Logic has many definitions. For presentations, its definition can be as follows:
Logic is the study of the principles of correct reasoning. It helps a presenter prove or belie the assertions.
Every presentation is aimed at something. As a rule, the aim of presentations is influencing an audience in some way; and it’s impossible for a reporter to reach this aim without the basic principles of logic.
Logic helps reporters
- express an idea/thought/opinion influencing the audience’s intellect instead of emotions,
- make presentations easy to follow along, and
- produce meaningful presentations.
Rules of logical definitions
- The definition of a term should not contain any tautologies.
A presentation is an act of presentation.
- The definition should not be based on negations.
Males are humans that aren’t females.
- The definition should clarify a term instead of tangling it.
- The definition should be proportioned. It should be necessary and sufficient to define a term.
- The definition should be short and not contain any unnecessary information.
Ambiguities make presentation sound incoherent. So, it’s important to remove as many ambiguities as possible.
It’s a mistake to build presentations on simple ideas, no matter how awesome they are. To influence the audience and activate their feedback, it’s not enough to share opinions with them: people will listen to you but they will hardly follow you. In other words, your idea will never persuade them if not supported with strong argumentation.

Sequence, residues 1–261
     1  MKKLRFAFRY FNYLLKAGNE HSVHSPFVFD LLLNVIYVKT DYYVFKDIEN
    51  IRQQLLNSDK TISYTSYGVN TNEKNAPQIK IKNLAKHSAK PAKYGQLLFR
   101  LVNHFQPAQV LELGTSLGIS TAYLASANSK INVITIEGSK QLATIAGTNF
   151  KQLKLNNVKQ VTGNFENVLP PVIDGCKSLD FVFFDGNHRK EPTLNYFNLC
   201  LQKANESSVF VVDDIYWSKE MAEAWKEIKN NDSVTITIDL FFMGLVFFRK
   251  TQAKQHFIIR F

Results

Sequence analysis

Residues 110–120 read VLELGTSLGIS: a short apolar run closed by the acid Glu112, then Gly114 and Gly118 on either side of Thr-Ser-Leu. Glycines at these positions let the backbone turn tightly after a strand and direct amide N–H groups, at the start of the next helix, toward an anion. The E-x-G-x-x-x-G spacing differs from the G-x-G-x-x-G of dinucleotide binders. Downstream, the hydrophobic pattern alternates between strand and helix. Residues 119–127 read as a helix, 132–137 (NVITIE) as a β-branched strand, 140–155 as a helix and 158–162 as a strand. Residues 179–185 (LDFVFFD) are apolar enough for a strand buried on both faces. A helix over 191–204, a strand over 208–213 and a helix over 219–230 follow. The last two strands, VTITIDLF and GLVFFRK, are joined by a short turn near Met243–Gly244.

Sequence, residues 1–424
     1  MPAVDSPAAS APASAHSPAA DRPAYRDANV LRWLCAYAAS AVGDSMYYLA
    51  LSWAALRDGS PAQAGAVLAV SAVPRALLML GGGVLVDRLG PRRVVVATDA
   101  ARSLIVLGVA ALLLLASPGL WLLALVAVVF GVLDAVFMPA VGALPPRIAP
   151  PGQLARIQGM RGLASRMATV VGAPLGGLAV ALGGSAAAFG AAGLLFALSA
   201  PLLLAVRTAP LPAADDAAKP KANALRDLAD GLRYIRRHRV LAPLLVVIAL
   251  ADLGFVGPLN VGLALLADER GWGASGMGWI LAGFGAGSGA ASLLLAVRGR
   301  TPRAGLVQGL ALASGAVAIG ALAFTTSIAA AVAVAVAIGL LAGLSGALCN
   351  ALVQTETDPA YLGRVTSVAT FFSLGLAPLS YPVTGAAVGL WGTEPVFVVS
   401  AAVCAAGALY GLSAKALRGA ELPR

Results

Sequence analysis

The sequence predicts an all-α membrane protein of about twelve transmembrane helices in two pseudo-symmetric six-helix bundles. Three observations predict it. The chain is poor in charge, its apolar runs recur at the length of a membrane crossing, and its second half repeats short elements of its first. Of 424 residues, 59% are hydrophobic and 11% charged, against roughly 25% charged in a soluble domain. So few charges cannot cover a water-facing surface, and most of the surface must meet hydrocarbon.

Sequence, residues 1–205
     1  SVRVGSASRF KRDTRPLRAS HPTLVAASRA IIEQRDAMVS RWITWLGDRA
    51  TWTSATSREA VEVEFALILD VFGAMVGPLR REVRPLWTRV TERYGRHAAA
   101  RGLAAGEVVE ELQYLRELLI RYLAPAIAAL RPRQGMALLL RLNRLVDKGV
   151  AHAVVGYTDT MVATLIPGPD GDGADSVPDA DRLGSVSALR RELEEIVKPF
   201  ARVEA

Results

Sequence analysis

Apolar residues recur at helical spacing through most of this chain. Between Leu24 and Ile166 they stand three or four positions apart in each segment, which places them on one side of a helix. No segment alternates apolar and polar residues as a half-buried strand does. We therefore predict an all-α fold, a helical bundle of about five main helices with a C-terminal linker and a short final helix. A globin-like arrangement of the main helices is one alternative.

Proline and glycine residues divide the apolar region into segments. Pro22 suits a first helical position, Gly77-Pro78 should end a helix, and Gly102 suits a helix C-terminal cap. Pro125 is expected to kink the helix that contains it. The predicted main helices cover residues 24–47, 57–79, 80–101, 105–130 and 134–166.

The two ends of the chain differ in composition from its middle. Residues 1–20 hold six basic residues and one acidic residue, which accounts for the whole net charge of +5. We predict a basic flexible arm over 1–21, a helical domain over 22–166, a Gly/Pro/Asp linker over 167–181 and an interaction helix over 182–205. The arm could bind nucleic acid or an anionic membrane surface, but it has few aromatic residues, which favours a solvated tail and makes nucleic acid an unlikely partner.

Arguments are the best tool to effectively engage the audience. To construct them, a presenter considers their three elements and uses points of both agreement and disagreement to influence listeners.
The elements of an argument are:
- Assertion, aka an opinion.
Example: Nebraska is a red state.
- Reasoning, aka an analysis of the opinion.
Example: Red states are those that have Republican political identification and Nebraska is solidly Republican.
- Evidence, aka verifying the information with references, examples, evaluations, etc
Example:Red states are those that have a Republican political identification and Nebraska is solidly Republican. Nebraska voters have supported the Republican presidential candidate in every election since 1968.
A speaker is welcome to add several pieces of evidence of different types to his argument. If the audience is rather dubious, it would be better to list evidence in descending order of priority; and in case the audience is positive-minded, a speaker can list his pieces of evidence in ascending order of priority.
Besides the elements of an argument, speakers should take care of its anticipation and refutation.
Every person has their own ideas and beliefs, and that is why any particular insight from a presenter may conflict with his audience’s perspectives. To form the opinion, a speaker should be ready to anticipate disagreements or critical commentaries in a simple manner. This trick is known as argument anticipation, which involves resistance accommodation and adaptation to prospective comments from the audience, too.
To influence opinions and persuade individuals, it’s necessary for a speaker to know and apply the principles of refutation, which is proving that an individual’s claim is wrong or inappropriate. Effective refutation includes argument anticipation, a range of refutation options, which are relevance, significance, capture, and answer, and a clear expression of disagreement.
For more detailed information, check John Meany’s Primer on Argumentation and Refutation.